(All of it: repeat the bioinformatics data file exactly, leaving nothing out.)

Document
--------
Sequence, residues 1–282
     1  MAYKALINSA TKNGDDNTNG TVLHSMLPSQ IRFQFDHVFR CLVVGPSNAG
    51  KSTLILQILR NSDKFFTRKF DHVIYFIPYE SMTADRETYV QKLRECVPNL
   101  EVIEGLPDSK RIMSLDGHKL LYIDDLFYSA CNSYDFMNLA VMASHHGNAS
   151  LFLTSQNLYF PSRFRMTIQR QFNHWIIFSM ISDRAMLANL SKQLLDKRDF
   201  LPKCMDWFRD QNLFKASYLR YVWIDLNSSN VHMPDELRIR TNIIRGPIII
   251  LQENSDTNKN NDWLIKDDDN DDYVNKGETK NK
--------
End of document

Sequence, residues 1–282
     1  MAYKALINSA TKNGDDNTNG TVLHSMLPSQ IRFQFDHVFR CLVVGPSNAG
    51  KSTLILQILR NSDKFFTRKF DHVIYFIPYE SMTADRETYV QKLRECVPNL
   101  EVIEGLPDSK RIMSLDGHKL LYIDDLFYSA CNSYDFMNLA VMASHHGNAS
   151  LFLTSQNLYF PSRFRMTIQR QFNHWIIFSM ISDRAMLANL SKQLLDKRDF
   201  LPKCMDWFRD QNLFKASYLR YVWIDLNSSN VHMPDELRIR TNIIRGPIII
   251  LQENSDTNKN NDWLIKDDDN DDYVNKGETK NK